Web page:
Rancilio Silvia · Espresso Machine User Review

Coffee and espresso equipment reviews by the site's members.
From the Team HB review of the Rancilio Silvia:

Image Over the last 10+ years, Silvia is unquestionably the most heavily discussed and documented home espresso machine on the Internet. Perhaps counter-intuitively, that's precisely why skipping the Rancilio Silvia would seem like an error of omission. Besides, it was my first "real" espresso machine, so admittedly I looked forward to seeing how my 2003 review held up today given my added experience and test techniques. So partially for comprehensiveness, partially for nostalgia, I spent a couple weeks reacquainting myself with an old friend.

The Rancilio Silvia's casing is brushed stainless steel with exposed black powercoat frame; it blends well with modern kitchens, especially those featuring stainless steel appliances. Silvia's countertop footprint is small, allowing plenty of working space in front of the machine. The driptray is very shallow; you'll need a catch container for flushing water through the group, otherwise it will need emptying every second shot.

Since its introduction over a decade ago, Rancilio has made esthetic and functional improvements every few years. The evaluation model shown to the right is known as "version 3". It includes a newly designed steam wand that rotates on a ball joint. As one of the many newbies who struggled with the multi-hole steam tip on the original Silvia, I welcomed the new beginner-friendly one-hole steam tip. The steam boiler produces ample volume and velocity, which makes it easy to roll the 8-10 ounces of milk latte lovers in the US demand.

ESPRESSO: During the research phase of this review, one of my goals was judging the Rancilio Silvia's forgiveness factor. If you've read a sample of the many "I'm a New Silvia Owner, Help!" type threads in the forum, you know that this popular entry-level espresso machine has a reputation for being finicky. Is it justified? Honestly, I would say yes and no. To make matters worse, many first-time buyers economize on the grinder under the assumption that it doesn't matter (it just reduces coffee beans to powder, right?). While Silvia did exhibit minor fussiness, the majority of extractions were even from start to finish. The taste inconsistencies I noted from shot-to-shot occurred when I skipped the temperature surfing step because of video production futzing (temperature surfing is explained in the full review).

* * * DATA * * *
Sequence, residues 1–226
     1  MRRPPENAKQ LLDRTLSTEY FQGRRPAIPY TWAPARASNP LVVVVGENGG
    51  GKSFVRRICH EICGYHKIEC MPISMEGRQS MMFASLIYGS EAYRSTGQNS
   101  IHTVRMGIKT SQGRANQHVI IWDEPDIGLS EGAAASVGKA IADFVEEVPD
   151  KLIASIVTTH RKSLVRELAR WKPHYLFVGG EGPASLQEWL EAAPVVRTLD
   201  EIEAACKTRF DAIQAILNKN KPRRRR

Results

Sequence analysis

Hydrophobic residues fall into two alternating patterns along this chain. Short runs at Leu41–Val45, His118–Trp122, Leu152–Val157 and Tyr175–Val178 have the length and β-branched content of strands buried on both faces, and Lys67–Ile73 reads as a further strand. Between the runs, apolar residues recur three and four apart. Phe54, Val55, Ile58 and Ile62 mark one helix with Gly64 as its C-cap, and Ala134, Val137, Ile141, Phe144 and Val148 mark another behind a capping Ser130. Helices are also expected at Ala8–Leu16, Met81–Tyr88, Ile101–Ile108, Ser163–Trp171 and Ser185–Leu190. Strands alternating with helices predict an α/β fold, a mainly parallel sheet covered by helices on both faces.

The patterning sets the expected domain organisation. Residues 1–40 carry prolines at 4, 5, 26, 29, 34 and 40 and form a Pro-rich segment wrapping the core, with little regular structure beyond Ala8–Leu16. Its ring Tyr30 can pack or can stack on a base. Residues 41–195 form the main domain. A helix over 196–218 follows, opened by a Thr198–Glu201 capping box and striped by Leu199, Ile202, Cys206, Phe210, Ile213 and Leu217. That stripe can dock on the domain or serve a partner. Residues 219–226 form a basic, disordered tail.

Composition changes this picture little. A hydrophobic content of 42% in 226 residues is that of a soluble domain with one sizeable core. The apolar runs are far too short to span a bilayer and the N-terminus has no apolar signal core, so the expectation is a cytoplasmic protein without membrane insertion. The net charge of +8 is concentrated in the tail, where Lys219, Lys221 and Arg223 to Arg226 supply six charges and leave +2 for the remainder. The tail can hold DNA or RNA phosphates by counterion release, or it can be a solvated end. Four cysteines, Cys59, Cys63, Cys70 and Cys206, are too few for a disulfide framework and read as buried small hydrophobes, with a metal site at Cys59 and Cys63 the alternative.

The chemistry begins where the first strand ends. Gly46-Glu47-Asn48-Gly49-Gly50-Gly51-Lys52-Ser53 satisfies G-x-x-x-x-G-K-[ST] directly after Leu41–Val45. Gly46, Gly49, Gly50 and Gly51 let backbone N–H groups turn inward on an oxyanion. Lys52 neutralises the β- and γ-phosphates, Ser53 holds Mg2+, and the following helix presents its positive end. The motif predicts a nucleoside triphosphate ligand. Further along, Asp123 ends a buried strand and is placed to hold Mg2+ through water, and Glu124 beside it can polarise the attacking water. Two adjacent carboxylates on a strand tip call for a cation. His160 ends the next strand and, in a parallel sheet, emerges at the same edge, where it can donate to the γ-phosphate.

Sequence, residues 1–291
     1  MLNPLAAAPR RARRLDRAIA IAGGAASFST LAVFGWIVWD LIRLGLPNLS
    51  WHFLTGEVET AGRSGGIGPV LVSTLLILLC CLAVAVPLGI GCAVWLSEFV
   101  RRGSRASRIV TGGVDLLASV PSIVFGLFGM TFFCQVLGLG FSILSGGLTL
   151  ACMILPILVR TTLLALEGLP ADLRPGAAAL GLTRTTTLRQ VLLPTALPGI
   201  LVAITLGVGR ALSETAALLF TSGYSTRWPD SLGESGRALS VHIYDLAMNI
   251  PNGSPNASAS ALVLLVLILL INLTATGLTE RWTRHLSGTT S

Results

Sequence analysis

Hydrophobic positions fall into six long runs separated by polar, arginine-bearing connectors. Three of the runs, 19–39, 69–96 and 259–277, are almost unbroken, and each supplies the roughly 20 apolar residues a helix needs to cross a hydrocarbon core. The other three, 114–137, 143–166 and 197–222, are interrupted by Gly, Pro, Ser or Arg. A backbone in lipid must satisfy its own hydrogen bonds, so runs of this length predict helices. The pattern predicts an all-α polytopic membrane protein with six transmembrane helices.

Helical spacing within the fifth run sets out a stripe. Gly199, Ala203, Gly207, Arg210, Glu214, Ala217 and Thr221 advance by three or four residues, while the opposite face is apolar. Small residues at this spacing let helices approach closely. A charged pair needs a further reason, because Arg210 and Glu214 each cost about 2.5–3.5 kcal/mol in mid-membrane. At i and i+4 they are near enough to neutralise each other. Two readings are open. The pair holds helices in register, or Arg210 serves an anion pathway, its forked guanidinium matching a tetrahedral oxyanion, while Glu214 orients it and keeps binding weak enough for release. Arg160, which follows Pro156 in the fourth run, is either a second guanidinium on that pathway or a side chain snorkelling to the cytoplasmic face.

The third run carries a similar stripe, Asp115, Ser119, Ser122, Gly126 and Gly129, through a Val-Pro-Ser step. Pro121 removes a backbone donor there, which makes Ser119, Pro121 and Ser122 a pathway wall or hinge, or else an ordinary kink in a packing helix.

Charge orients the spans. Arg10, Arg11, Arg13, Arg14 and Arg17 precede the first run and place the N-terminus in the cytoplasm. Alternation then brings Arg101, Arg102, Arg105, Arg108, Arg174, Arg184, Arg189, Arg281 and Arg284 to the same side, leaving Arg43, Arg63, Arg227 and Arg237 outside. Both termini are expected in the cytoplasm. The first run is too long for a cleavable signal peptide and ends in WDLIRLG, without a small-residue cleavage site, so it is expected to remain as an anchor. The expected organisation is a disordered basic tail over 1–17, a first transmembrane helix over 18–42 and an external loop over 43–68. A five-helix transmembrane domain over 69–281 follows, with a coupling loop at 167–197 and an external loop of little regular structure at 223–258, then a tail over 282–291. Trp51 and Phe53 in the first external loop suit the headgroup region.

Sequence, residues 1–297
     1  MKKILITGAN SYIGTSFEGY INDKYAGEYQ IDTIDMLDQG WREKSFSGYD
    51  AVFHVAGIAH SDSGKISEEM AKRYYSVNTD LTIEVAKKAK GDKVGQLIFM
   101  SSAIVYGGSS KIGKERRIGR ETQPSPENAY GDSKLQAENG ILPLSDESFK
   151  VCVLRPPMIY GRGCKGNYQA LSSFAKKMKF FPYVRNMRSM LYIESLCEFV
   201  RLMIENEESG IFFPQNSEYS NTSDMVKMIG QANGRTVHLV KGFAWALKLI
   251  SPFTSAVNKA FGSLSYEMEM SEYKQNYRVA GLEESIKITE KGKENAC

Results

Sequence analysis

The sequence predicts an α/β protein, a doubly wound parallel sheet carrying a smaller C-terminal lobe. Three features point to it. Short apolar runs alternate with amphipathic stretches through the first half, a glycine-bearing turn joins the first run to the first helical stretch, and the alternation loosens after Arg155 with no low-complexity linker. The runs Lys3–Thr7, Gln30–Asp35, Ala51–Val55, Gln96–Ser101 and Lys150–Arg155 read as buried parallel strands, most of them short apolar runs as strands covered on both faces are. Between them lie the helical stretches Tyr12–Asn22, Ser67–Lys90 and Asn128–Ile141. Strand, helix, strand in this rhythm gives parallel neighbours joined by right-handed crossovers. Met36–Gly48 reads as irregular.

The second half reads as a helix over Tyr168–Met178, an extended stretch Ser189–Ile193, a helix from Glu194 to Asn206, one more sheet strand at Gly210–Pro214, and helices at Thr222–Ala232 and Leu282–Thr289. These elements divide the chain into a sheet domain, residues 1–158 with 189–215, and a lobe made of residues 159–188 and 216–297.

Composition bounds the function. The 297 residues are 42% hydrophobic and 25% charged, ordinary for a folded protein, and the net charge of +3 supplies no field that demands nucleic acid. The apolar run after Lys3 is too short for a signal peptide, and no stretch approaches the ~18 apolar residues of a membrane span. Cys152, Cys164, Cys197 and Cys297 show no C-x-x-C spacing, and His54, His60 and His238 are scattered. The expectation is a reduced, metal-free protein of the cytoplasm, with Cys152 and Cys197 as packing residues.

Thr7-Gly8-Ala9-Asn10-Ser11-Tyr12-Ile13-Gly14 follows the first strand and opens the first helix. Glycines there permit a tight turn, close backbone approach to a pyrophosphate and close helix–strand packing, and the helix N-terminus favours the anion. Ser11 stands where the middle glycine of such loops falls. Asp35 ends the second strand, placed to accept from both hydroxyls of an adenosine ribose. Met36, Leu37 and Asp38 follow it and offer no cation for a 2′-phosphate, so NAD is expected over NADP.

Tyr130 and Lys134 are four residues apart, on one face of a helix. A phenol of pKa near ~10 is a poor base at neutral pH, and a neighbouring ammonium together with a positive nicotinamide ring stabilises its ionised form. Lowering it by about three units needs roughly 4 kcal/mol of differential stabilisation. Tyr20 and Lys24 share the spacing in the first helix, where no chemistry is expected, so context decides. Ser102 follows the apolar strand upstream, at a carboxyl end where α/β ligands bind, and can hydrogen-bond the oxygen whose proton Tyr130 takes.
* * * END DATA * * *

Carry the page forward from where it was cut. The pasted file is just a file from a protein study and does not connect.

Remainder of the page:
In group taste tests and later in a blind taste test, participants noted the Rancilio Silvia espressos tend to a less complex flavor profile than commercial gear, depending on the dose (higher dose -> chocolates, lower dose -> fruits). Those who drink cappuccinos and lattes won't notice this difference, but experienced espresso aficionados who prize multi-layered flavor profiles may be disappointed.

STEAMING: Rancilio listened to the complaints of many first-time owners, because the current model's steam tip is much more newbie friendly. It has a single hole and the boiler pressure is steadier. The steps to good microfoam are simple:
  • Purge condensation from the steam the wand
  • Steam milk, surfing slightly under the surface to inject air until milk is warm
  • Immerse tip and angle it to produce a nice rolling rise from top-side-bottom-top circulation
  • Keep warming milk to serving temperature (around 150°F)
  • Turn off steam, wipe wand, and pour.
Even first-time home baristas should have little trouble producing top-notch microfoam. For small milk drinks, its pace is nicely balanced with speed and volume. Even when preparing lattes with 8 ounces or more of milk, Silvia finishes in less than a minute, which is best of class among entry-level espresso machines (i.e., the so-called "single boiler, dual use" design).

CONCLUSION: When the Rancilio Silvia was introduced over a decade ago, there was no entry-level competitor on price or shot quality. Thanks to its unbeatable price/performance combination, it was adopted in droves by home espresso enthusiasts. Today there are more options from manufacturers like Quick Mill and Gaggia, though arguably the Rancilio Silvia's rock-solid construction and timeless, kitchen-friendly looks are strong selling points. The design improvements over the years like the swivel steam wand with nicely balanced tip, adjustable maximum brew pressure, and cosmetic changes (shapely commercial portafilter, steam knob, driptray, etc.) are certainly appreciated, but the need to temperature surf and slightly finicky nature can be frustrating for inexperienced baristas.

Rating: ☆☆☆☆☆ (no reviews)